In an era dominated by tech advancements, artificial intelligence (AI) in retail market is expected to emerge as a viable investment ground, given the pace at which AI is being incorporated in industry verticals. Amidst this backdrop, traditional retail chains have been modifying their approach, especially after 2017 witnessed the application for bankruptcy by 21 retail chains inclusive of biggies such as Toys R’ Us, Aerosoles and RadioShack. Many others like Sears and Macy’s had decided to close down hundreds of stores in the U.S., creating waves of panic in the global retail sector and igniting the spark of technology adoption – shocking moves that have triggered a change in artificial intelligence (AI) in retail industry trends.
U.S. Artificial Intelligence (AI) in Retail Market Share, By Technology, 2017 (USD Million)
The proliferation of the smart era has made retail giants realize that the competitive scenario has been majorly transformed by e-commerce behemoths like Alibaba and Amazon, that had successfully created a paradigm shift in the retail industry with their efficient leveraging of big data and AI. The success that these behemoths have attained in the retail sector with the use of artificial intelligence can be largely credited to their organized efforts and technologies in tracking customer behavior.
Understanding the customer’s path to purchase and ability to observe their buying behavior has long since been considered a key factor to generate profits. E-commerce magnates have been using AI to maximize online selling and bombard customers with substantial options to make them browse longer than they intend. The strategy is to ultimately enable the customer to make a purchase that they might not have made in a physical retail environment. Retail chains in their struggle to match up to the competition are now using sensors and cameras to understand how customers are interacting with their store – a move that has majorly stimulated artificial intelligence (AI) in retail market share. Given that AI is being used to track how many times an item was picked up from the shelf, kept back on the shelf or purchased, a better understanding of the shopper’s mentality is being discerned, further augmenting artificial intelligence (AI) in retail industry outlook.
It is essential to mention in this context, that the aforesaid instance has been put to use in an impressive fashion by Amazon, the e-commerce giant, in its Amazon Go grocery store. The store that opened in Seattle in 2018 is based on futuristic design where customers use an Amazon Go app connected to their Amazon account to make payments. There are no physical cashiers or even self-checkout counters, instead, cameras and sensors keep track of all the items picked off shelves, put into shopping carts or are put back on shelves. The items are charged to the Amazon account of the customers automatically when they leave. The retail behemoth has thus successfully leveraged AI in its operations, justifying why it is one of the top-notch contenders in artificial intelligence (AI) in retail market.
Amazon has used its advantage of owning the world’s largest cloud computing platform and applied it in building a store that not only delivers quality customer experience but also uses AI in figuring out what products customers buy the most and which hours are meant for peak customer purchases. It also keeps track of inventory about when to reorder and restock, how to present merchandise to make the most sales and how to optimize traffic flow around the store. That apart, it is virtually impossible to shoplift from the Amazon Go store. With others set to follow the example set by Amazon, artificial intelligence (AI) in retail market is bound to pick up a commendable pace very soon.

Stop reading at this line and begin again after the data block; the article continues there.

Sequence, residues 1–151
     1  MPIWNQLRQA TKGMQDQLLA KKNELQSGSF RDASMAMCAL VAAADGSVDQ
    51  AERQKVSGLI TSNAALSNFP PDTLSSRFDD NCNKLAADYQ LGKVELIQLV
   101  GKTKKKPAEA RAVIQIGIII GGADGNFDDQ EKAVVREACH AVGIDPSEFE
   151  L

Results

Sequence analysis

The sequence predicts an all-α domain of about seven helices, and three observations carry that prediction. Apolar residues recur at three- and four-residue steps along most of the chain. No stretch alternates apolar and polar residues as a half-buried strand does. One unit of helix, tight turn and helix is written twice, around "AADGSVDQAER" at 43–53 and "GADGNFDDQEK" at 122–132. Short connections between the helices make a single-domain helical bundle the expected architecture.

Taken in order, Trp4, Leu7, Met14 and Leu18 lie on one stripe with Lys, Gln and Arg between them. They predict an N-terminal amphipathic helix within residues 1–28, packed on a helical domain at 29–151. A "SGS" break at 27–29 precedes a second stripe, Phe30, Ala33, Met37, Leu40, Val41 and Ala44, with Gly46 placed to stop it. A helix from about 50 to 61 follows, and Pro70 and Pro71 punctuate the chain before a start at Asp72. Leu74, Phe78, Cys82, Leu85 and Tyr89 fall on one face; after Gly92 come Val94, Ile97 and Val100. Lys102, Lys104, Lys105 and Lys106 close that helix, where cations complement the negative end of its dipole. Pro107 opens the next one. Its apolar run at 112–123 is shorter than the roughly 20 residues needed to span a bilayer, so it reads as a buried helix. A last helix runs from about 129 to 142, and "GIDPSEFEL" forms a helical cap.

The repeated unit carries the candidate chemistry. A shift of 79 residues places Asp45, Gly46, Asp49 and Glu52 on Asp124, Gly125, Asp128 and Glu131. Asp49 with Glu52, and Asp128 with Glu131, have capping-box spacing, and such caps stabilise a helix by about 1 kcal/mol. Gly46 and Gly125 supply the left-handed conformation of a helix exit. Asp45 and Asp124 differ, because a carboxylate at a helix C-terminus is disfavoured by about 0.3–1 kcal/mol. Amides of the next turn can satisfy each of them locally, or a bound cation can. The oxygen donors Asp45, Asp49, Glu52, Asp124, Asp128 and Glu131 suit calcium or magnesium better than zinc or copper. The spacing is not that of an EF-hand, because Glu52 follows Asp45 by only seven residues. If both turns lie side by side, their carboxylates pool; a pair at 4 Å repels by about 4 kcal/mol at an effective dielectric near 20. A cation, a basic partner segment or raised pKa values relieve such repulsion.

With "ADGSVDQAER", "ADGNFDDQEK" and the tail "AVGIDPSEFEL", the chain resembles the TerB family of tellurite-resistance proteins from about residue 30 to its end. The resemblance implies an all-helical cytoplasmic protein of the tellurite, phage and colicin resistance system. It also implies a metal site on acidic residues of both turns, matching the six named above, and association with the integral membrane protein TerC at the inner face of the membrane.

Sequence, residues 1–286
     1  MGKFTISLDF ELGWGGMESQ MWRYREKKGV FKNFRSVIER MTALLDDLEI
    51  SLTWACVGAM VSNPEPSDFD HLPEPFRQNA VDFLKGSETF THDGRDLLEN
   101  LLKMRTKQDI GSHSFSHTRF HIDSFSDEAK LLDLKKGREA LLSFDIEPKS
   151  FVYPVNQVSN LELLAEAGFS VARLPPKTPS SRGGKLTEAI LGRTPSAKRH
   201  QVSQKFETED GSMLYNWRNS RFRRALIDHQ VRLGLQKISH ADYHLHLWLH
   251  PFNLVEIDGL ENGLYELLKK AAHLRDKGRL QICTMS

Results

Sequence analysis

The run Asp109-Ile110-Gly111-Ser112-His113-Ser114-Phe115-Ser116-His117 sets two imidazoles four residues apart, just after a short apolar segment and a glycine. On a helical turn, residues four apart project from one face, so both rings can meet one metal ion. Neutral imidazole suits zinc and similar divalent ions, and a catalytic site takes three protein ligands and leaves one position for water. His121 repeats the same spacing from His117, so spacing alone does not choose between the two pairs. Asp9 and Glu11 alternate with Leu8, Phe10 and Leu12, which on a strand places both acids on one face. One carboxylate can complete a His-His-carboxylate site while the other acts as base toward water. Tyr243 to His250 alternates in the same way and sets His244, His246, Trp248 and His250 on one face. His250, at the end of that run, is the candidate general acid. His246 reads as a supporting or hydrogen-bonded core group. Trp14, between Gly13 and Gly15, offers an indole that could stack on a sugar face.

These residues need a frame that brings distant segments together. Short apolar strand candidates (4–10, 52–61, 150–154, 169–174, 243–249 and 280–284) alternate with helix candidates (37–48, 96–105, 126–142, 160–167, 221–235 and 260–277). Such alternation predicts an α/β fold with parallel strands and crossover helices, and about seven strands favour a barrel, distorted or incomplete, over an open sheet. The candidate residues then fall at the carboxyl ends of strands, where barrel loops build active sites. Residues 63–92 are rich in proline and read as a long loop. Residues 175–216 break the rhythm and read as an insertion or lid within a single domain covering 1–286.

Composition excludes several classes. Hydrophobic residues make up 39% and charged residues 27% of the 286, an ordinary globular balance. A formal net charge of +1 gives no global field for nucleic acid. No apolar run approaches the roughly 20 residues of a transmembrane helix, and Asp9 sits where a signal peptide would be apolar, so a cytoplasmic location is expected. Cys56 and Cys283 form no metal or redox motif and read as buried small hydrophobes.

Similar to how Amazon has taken shopping to a cutting-edge level with its store where checking out is a thing of the past, Japan’s SoftBank and Aldebaran robot manufacturers of France developed Pepper, the humanoid robot, in 2010. The bot has now become one of the most remarkable additions to artificial intelligence (AI) in retail industry, as it perceives human emotions and has already been employed in 140 SoftBank mobile stores in Japan as customer service greeter.
Softbank Robotics America has also deployed Pepper in stores in California and has yielded a 70% rise in foot traffic. Following this instance, Pepper spent time in a fashionable apparel store, the Ave, and the retailer experienced a 98% increase in customer interaction, as customers were less intimidated about asking questions to an AI creation, subject to the lack of fear of being judged as silly. There was also a remarkable 300% increase in revenue, apparently. In 2016, Nestle also expressed plans to acquire Pepper robots to use them in Nescafe in Japan.
Though there is a popular fear that the widespread use of AI technology can cost humans their jobs, a fact which can somewhat hinder artificial intelligence (AI) in retail market growth, experts are of the opinion that AI can actually increase opportunities and even create a novel job market. For instance, though the Amazon Go store did not have a cashier there were plenty of people around the store who were needed to help customers. Therefore, AI is essentially evolving the type of jobs humans are needed to perform and increasing the scope of service on offer in the retail space.
The efficiency that AI can add to the workplace is anticipated to be blessing to the retail industry workers. Combined with the human connection presented by the average retail employee and the targeted marketing of AI, the retail industry is aiming to make a big difference in the shopping scenario in future. As per estimates, artificial intelligence (AI) in retail market size will be pegged at a remarkable $8 billion by 2024 – a substantially appreciable development from its initial valuation of $650 million in 2017.